Running from 1960-1979, Ember records were an important label that never quite broke into the big time. Now the Future Noise label has commenced a re-issue programme, that will once again, make available some fine music from this underrated label. First up is “Tell Me”, a collection of Beat songs from ’62-’64. Opening strongly with lively instrumental “Savoy Club Stomp” The Sunsets, you know you are in the right place, the shadows meeting the Rolling Stones in the place where UK music began to change and become more youth orientated. Elsewhere you can hear echoes of the Everly Brothers, early Cliff, the Beatles as you are treated to 25 examples of British Pop. Maybe too early to be considered truly Terrascopic, there is still much to enjoy, with some of the highlights being “Zulu Stomp”-The John Barry Seven, “Kisses Sweeter Than Wine”-The Washington DC’s, “Me”-A Band of Angels, “Hey,Who” –Ray Singer, and “Tell Me”-Marcus Tro, all of which could have been major hits in their own rights. Of more interest to Terrascope readers is “Rainy Day Mind”, Ember Pop ’69-’74, a collection of  21 tracks mainly in the soft psych/pop category. As on the previous volume quality is high as the collection opens with the hideously rare “A Walk in the Sunshine”-Davey Payne and the Medium Wave, a beautiful and melancholy song that is followed by an intriguing version of “Maxwell’s Silver Hammer” by The Good Ship Lollipop. Elsewhere, The Good Vibrations raise the energy on the modish stomp of “Call Me Lightning”, Milt Matthews Inc manage to combine distorted guitar and strings on “Hard Day’s Night” and Polly Niles is 60’s girl pop personified on the wonderful “Sunshine in my Rainy Day Mind”. As the compilation moves into the 70’s things get heavier with Rusty Harness, Mother Trucker and Black Swan all turning up the volume to great effect. Finally, for now, “Liverpool Today, Live at the Cavern” features three local acts recorded in the Cavern studio, the recording then having audience and announcements added for greater atmosphere. Released in 1965, the album is chock-a-block with some stomping beat as Earl Preston’s Realm, Michael Allen,  and The Richmond Group strut their stuff, moving from full on rockers and R’n’B classics to more jazz/soul tinged efforts. Again Filled with quality, all three of these albums should appeal to anyone with an interest in how pop music was born and how it developed in to the multi headed beast we know today. (www.futurenoisemusic.com)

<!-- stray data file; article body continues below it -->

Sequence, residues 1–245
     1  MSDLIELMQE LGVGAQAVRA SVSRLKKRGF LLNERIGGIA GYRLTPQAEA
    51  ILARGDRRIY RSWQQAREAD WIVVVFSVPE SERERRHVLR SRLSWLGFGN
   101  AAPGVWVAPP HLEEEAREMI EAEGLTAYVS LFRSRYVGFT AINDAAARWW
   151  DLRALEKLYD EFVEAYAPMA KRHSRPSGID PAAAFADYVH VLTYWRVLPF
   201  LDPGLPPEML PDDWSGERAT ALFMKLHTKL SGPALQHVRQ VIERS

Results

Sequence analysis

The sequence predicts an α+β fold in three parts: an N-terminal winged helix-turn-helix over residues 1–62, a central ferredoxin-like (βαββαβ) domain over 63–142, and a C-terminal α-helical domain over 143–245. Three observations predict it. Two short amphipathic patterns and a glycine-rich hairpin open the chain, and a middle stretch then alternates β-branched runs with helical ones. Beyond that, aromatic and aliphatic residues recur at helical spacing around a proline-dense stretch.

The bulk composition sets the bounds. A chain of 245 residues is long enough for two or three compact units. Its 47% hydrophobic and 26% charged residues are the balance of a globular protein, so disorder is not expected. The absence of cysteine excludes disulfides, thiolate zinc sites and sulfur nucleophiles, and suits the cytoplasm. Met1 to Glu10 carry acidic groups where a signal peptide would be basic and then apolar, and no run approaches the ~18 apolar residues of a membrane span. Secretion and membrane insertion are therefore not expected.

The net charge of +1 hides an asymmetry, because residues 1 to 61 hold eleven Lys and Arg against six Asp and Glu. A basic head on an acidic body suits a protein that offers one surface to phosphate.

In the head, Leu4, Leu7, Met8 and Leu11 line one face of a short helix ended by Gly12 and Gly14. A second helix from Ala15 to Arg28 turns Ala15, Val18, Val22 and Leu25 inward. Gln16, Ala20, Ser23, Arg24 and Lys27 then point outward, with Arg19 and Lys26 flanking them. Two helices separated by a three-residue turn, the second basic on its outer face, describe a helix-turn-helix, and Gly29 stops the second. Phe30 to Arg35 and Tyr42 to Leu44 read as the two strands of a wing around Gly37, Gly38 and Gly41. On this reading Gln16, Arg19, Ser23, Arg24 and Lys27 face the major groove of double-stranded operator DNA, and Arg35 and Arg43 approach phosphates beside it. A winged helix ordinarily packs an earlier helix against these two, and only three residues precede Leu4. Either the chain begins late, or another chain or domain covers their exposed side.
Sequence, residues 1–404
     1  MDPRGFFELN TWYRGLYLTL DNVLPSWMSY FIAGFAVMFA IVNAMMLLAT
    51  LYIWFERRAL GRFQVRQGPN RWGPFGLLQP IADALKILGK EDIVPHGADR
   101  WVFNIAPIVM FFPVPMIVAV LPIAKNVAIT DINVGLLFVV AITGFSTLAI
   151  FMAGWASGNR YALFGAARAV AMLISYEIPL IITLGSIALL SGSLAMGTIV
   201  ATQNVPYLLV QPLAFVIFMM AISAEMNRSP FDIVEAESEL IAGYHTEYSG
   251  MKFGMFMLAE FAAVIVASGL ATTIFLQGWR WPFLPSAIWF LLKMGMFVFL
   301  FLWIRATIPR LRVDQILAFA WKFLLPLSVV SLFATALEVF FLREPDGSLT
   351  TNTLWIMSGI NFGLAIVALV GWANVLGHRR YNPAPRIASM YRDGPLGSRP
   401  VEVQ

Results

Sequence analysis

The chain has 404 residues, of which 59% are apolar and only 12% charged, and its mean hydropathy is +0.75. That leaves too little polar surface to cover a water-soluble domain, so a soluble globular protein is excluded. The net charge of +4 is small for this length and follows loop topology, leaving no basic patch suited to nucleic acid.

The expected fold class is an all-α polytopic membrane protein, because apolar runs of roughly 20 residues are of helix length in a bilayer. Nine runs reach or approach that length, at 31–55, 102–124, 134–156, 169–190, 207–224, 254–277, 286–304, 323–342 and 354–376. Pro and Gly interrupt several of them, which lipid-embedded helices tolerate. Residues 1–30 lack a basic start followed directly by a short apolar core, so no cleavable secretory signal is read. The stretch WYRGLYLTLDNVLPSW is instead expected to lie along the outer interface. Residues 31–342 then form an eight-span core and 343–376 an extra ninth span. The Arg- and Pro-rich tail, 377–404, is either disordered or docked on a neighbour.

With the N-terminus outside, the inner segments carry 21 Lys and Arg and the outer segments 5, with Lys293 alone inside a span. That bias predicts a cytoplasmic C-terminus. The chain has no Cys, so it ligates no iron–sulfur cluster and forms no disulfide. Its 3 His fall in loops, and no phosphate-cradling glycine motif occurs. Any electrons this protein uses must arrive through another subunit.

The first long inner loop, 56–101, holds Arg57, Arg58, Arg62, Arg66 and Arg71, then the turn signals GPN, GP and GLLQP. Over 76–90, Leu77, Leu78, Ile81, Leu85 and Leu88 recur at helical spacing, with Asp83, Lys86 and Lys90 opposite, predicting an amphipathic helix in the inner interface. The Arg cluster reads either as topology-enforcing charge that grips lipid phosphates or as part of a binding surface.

Having tinges of Kevin Ayers or an acoustic Talking Heads, the songs of Balky Mule are well worth investigating on his album “The Length of the Rail”. The result of five years work by Sam Jones (Flying Saucer Attack, Third Eye Foundation), the fifteen tracks have that peculiar English feel, Ray Davis and Robert Wyatt gazing out over the landscape, the songs both gentle and slightly hazy, a combination that works well for me. Throughout, the arrangements and instrumentation are inventive and thoughtful, with songs such as “Moths Like Woodchip” having a beautiful aural veneer that makes them shine, whilst the array of sounds makes it difficult to decide what instrument/device is being used within the tune. With nothing lasting more than four minutes, this is a collection of small but perfectly formed jewels, perfect for lazy Sundays, just like you grandmothers button box from so long ago. Also on Fat Cat is “Posthumous Success”, the latest album from Tom Brosseau, another collection of lovingly crafted songs, thoughtful lyrics and arrangements only adding to the charm.  Seemingly livelier than previous outings, the tracks have vitality and exuberance, bursting from the speakers to reveal a warmth, repeated plays allowing the listener to find hidden layers and textures. Ranging from full band to gentler acoustic tunes, this contrast can be heard by listening to “Boot Hill”, a soft sunshine ripple that is followed by “You Don’t Know My Friends” a song that explodes into life with controlled aggression and attitude to spare. Bookended by two versions of “My Favourite Colour Blue”, one mellow one electronic in texture, this is a mature and well-rounded album that seems to fill the definition of “a grower”. (www.fat-cat.co.uk)

     Brooding and powerful, the music of Ahkmed seemingly strives for the sun, a heady mix of Stooges power and Mono’s epic sensibilities that can tear the roof off with lazy precision. Hailing from Australia, the tunes have that country’s sense of space, the sounds expansive, taking the listener on a journey across the landscape. Never one dimensional, the tracks have an ebb and flow to them, with the monumental final/title track “Distance” taking all that has gone before to create a psych – rock monster that swirls across the cosmos, a musical comet that leaves soft burning fires in its wake, crank it up and be transported. (www.elektrohasch.de)